Bishop Pablo Virgilio David of Kalookan. (Photo by Roy Lagarde)
A senior official at the Catholic Bishops’ Conference of the Philippines has called on clergy sex abuse victims to speak out and break a "culture of silence."
The laity should speak the truth and should have access to their bishops, conference vice president Bishop Pablo Virgilio David of Kalookan said Feb. 19.
"If there are people in this kind of situation, please do not hesitate to talk directly to your bishops. Do not be quiet about it," he added.
He said there are times when "silence is wrong" and speaking the truth "may be embarrassing."
"The level of aggravation is doubled because the person becomes shy," Bishop David said.
His call came ahead of this week's meeting at the Vatican on alleged sexual abuse cases committed by members of the clergy around the world.
The meeting that will tackle "the protection of minors in the Church" will be attended by the heads of bishops' conferences around the world and aims to discuss steps to prevent and combat the sexual abuse of minors.
Bishop David said the meeting is "necessary" to allow bishops to pro-actively address abuses within the Church.
Also on Feb. 19, Philippine authorities issued several warrants for the arrest of an American priest, already in custody for allegedly abusing children in the central Philippines.
The warrants were the result of several more complaints filed with police against the priest.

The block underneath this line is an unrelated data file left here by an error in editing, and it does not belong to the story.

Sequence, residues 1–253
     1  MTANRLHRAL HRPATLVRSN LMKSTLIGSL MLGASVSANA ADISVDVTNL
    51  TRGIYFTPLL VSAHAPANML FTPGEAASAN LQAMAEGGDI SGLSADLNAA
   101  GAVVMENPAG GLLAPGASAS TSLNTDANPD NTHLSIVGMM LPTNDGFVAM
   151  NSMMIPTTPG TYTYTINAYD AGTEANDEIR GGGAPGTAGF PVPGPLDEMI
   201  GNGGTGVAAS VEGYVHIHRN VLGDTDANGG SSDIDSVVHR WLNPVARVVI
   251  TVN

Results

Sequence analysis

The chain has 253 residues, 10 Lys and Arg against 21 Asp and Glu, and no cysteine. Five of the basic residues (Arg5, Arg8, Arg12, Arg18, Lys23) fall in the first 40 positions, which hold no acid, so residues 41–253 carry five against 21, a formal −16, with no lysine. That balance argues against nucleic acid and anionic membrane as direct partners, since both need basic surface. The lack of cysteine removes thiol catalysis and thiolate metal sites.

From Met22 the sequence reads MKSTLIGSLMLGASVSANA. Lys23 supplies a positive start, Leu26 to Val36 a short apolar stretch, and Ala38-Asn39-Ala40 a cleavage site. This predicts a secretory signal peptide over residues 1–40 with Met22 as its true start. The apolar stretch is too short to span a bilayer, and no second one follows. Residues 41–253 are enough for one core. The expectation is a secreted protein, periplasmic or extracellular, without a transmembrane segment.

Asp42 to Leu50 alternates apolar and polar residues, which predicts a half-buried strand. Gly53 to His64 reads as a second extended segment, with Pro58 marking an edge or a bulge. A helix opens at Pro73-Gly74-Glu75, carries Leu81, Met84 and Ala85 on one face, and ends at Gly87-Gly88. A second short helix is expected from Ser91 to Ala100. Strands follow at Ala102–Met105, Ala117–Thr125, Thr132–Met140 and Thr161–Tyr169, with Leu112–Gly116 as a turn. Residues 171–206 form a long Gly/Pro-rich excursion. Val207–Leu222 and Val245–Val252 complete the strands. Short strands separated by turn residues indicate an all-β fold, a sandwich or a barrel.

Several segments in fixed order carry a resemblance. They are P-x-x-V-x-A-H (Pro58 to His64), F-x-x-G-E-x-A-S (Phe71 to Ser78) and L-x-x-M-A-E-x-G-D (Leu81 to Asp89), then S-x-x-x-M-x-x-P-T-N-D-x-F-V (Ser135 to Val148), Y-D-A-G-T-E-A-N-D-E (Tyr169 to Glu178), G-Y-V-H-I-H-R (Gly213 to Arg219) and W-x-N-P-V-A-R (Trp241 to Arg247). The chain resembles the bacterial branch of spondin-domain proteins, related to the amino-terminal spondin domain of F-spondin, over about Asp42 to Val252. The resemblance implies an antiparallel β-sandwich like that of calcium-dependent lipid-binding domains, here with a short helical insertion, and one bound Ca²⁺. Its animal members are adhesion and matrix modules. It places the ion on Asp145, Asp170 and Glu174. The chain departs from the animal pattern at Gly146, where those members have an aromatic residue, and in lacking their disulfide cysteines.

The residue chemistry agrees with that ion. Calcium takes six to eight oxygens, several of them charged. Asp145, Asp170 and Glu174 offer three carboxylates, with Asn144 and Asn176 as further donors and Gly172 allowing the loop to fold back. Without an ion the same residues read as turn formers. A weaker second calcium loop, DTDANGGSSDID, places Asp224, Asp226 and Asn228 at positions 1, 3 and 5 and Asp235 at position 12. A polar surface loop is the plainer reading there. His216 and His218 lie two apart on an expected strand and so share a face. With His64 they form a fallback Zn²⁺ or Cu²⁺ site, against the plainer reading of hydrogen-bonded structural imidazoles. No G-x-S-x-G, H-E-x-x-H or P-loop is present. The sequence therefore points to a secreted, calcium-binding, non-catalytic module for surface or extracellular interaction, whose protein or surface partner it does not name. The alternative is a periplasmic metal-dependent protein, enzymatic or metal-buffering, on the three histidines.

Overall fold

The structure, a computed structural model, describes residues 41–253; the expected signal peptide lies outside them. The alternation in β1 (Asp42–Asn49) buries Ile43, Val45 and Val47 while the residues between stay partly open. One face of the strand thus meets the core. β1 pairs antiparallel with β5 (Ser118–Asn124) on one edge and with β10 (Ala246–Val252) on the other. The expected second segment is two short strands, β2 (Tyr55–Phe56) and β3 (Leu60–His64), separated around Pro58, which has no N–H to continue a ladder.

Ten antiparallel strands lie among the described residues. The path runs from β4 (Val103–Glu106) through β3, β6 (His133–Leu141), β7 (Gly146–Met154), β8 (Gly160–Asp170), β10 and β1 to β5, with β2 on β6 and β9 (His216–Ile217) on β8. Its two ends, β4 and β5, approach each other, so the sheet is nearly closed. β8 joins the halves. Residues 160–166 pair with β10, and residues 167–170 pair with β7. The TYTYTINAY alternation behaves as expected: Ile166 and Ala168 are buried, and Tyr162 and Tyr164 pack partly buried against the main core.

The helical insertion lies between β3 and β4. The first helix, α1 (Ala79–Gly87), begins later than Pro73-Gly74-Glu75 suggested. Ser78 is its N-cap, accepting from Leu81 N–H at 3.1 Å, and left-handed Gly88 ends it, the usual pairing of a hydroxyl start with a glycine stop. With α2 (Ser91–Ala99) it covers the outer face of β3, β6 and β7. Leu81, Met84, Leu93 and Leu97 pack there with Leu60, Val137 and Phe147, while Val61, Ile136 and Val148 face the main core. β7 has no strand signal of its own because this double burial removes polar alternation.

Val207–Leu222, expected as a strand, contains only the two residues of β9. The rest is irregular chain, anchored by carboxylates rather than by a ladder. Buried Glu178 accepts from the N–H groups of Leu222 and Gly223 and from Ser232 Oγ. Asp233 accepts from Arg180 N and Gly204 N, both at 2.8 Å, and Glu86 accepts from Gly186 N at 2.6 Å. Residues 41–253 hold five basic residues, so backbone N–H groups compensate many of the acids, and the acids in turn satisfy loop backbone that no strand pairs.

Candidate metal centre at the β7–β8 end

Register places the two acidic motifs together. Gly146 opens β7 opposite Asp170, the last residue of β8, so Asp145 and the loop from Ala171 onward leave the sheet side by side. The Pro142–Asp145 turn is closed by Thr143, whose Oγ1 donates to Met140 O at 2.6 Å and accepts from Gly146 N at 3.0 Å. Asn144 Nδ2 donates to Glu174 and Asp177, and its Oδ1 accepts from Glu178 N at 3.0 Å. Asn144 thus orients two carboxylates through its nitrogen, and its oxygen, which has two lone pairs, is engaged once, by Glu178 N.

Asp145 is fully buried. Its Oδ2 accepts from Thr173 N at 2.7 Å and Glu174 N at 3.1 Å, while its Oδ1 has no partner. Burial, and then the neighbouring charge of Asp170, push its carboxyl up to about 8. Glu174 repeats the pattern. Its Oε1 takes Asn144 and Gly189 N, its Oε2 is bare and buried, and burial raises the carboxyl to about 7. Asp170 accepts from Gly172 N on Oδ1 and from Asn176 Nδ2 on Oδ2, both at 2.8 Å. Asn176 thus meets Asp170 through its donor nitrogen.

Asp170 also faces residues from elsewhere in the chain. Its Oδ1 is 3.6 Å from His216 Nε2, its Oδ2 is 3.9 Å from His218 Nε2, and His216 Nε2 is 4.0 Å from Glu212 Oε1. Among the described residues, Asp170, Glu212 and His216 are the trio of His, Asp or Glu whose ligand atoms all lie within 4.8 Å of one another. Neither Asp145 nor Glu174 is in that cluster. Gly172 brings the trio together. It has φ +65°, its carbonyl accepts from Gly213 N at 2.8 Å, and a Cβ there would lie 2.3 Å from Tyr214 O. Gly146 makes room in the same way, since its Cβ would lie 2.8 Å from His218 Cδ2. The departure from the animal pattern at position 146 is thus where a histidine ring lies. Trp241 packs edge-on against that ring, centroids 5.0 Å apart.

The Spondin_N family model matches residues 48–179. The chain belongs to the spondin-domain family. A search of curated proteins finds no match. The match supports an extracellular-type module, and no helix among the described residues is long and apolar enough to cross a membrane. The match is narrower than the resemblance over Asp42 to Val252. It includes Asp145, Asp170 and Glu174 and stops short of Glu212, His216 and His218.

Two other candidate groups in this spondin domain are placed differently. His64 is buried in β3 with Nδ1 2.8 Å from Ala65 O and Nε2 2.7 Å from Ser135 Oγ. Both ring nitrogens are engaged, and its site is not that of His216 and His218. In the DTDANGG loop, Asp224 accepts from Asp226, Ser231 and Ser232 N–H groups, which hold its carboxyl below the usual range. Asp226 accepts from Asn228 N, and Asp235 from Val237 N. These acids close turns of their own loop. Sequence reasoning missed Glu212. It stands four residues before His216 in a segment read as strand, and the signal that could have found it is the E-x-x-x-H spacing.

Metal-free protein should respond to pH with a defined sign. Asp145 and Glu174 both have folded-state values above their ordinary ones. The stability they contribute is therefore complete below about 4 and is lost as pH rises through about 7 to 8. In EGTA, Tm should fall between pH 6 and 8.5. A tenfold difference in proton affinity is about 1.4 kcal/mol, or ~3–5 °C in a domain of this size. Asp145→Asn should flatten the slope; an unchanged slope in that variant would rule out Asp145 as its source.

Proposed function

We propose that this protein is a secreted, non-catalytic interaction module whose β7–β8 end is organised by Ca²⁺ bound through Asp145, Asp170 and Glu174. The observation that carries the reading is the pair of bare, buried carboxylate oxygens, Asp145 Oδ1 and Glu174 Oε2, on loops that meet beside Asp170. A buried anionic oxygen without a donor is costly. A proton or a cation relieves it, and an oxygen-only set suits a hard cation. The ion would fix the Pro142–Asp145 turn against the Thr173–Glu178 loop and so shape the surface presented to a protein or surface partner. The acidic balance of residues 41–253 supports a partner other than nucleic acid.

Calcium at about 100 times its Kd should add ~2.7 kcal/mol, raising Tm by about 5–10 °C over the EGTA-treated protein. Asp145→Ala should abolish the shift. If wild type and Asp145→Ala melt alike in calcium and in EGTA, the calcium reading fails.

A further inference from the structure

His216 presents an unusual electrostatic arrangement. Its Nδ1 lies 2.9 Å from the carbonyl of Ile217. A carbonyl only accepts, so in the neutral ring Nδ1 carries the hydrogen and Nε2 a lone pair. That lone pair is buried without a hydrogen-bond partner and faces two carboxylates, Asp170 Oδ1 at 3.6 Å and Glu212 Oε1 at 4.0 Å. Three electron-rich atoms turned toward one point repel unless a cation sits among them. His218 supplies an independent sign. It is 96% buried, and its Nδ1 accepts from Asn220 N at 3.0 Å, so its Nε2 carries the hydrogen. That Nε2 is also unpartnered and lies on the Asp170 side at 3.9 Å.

Father Kenneth Bernard Hendricks, 78, was detained last December on the central island of Biliran where he served as a priest for 37 years.
The priest allegedly abused altar boys aged between seven and 12 at his residence.
He allegedly warned them they would go to prison if they told anyone about what he did to them.
No cover-up of abuse cases
In an interview with church-run Radio Veritas 846, Bishop David denied allegations that the Catholic Church has been covering up abuse cases.
"We are a human institution but we are using it as a justification to tolerate cases of abuse within our institution," said the bishop.
Earlier this month, Philippine President Rodrigo Duterte called for "reforms" in the Philippine Church, citing Pope Francis' admission that some priests had sexually abused nuns in other countries.
"[Pope Francis] admitted ... that the nuns, that's who priests preyed on. I told you, the Church has to reform," said the president in yet another tirade against church leaders.
In the interview, Bishop David called on nuns "in this kind of situation" not to hesitate to talk directly to their bishops.
The Philippines is Asia's biggest Catholic country and has also seen sexual abuse charges leveled against its clergy.
In 2002, Philippine Church leaders issued an apology for sexual abuses, including adultery, homosexuality and child abuse by 200 priests over the previous 20 years.
The following year, at least 34 priests were suspended in a sex abuse scandal involving the sexual harassment of women.